A Java Escape

Rizal Tanjung's tour through his home away from home

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| posted on August 12, 2013
  • Shane Reijnst

    What is the name of the song?

  • Jake

    with these waves I would be a pro in a month

  • Echo

    Song name is Widen Your Eyelids by Wilderness Crew

  • Marlon

    Artist: Wilderness Crew
    Song: Widen Your Eyelids
    available on itunes

  • Rhys

    Finding an escape from the crowds by buying up land, building resorts, taking photogs and making videos. I don’t understand why he just can’t go and enjoy it without trying to sell it; he has bought so much land in this town with plans to make it into ‘the next Bali’. Ridiculous. Childs is just as bad – why the hell would you make an article about the relative peace and quiet of Java’s waves (not entirely true anyway)? Selling out the quiet corners of Indo to keep funding your own lifestyle is shameful. Why couldn’t you just lie and say it was in Bali?

    • Steve


  • Morgz

    Rhys!! Indonesian Government is making a big push to transmigrate the tourism from Bali to other islands in Indonesia. People like Riz are agents for this. Its a good thing in my opinion. Decrease the crowds in Bali!! Some places must remain secrets and the longer we can keep them the better. But exposing surf locations is a necessesity!

    • Rhys

      Please explain how this is a good thing? This village did not need tourism. I’ve been going there for close to 11 years now and it is a wealthy village despite what it may look like to most westerners. People like Riz (who as an ‘agent’ for this will make a lot of money) are only in it for the money. You can see this from the way he has developed the land he has bought. Three other developers were there last time I was there, including a well known Bali surf camp which has plastered stickers all over the dusun. Surfers are already causing social issues and developers are telling locals that things like girls being topless on the beach is just something they have to put up with. There is such thing as a reasonable level of tourism , but this is Java… Not Bali.. And the developers are not respecting that fact at all… Surfers have fundamentally changed the social structure of many Indonesian villages and it would be a hard case to argue that it is for the better for the entire community,.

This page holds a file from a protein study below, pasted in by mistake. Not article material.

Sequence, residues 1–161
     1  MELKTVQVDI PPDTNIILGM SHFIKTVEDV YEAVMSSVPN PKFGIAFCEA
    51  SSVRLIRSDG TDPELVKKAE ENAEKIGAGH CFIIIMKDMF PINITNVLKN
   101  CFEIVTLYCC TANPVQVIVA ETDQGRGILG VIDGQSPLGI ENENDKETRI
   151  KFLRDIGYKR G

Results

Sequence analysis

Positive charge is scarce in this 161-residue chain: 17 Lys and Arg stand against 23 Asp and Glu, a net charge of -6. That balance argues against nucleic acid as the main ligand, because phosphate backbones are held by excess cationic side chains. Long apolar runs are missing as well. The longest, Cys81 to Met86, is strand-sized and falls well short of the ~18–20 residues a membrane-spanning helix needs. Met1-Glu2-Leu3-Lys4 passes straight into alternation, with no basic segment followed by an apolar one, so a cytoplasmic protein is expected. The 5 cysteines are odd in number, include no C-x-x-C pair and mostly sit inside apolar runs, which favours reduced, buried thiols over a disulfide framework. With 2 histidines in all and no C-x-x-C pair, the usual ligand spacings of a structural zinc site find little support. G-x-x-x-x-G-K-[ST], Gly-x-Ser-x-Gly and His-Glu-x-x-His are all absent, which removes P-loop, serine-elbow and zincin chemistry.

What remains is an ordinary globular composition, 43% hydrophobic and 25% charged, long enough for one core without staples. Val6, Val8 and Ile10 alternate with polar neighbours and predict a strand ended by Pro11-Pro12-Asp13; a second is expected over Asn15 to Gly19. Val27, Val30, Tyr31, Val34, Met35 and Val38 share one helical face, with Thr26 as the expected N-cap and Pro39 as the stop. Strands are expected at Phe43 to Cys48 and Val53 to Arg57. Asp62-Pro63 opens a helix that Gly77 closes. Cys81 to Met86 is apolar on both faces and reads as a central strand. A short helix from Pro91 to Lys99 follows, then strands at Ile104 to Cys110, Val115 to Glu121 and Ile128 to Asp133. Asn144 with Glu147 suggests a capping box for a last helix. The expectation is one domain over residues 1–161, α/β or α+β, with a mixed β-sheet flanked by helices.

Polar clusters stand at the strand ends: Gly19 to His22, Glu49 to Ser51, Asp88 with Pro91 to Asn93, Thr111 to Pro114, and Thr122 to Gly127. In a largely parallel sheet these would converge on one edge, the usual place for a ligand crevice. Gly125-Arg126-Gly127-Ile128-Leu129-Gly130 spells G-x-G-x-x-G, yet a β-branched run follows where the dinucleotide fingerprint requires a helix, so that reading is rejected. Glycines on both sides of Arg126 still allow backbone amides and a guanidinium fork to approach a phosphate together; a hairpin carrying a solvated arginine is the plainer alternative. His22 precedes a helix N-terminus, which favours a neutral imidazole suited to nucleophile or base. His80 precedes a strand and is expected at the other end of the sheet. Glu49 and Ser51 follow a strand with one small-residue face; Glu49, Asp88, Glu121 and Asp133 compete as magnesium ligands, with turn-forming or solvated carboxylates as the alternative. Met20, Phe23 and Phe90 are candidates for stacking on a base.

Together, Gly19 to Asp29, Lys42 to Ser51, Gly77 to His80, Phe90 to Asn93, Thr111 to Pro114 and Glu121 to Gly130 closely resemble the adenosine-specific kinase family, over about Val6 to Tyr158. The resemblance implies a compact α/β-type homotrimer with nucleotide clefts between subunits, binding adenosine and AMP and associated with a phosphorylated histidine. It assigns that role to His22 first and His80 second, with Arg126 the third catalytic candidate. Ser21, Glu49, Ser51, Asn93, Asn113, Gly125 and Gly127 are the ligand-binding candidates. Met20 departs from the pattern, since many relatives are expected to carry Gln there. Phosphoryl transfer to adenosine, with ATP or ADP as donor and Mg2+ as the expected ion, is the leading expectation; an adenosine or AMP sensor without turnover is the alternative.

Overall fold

• Its all about the money

    I really like Rhys comments. The correct answer to every question is money, money, money! I know the spot and the real locals. Have heard that greed has taken over the community since the pro hos and camera hos arrived. What happened there really changed how I view professional surfing. Very sad indeed.

  • Bali boy

    It is a beautiful part of java there and hopefully it doesn’t get ruined like Bali is. The local government there has had plans from a while ago to develop the area for tourism so lets just hope responsible surfers and people who care about the environment are the ones to get in there first. Truth is there are a lot of better waves in Indo and the tourism infrastructure in the area is minimal so I don’t think people will be flocking there any time soon.

  • Jorge

    Good comments everyone, honestly I think it’s good Indonesians learn how to extract value of their resources (and this one certainly is!) before another foreign individual or a corporation does…Whatever comes behind is for us all to take care of, and maybe having locals involved and watching out from the beginning will prevent the scavenging taking place nowadays elsewhere as much as in Bali

  • Johnson

    @Rhys, don’t ever forget all that Rizal has done for Indo surfing while the rest have played PluderDome over here.

  • Warwick Heny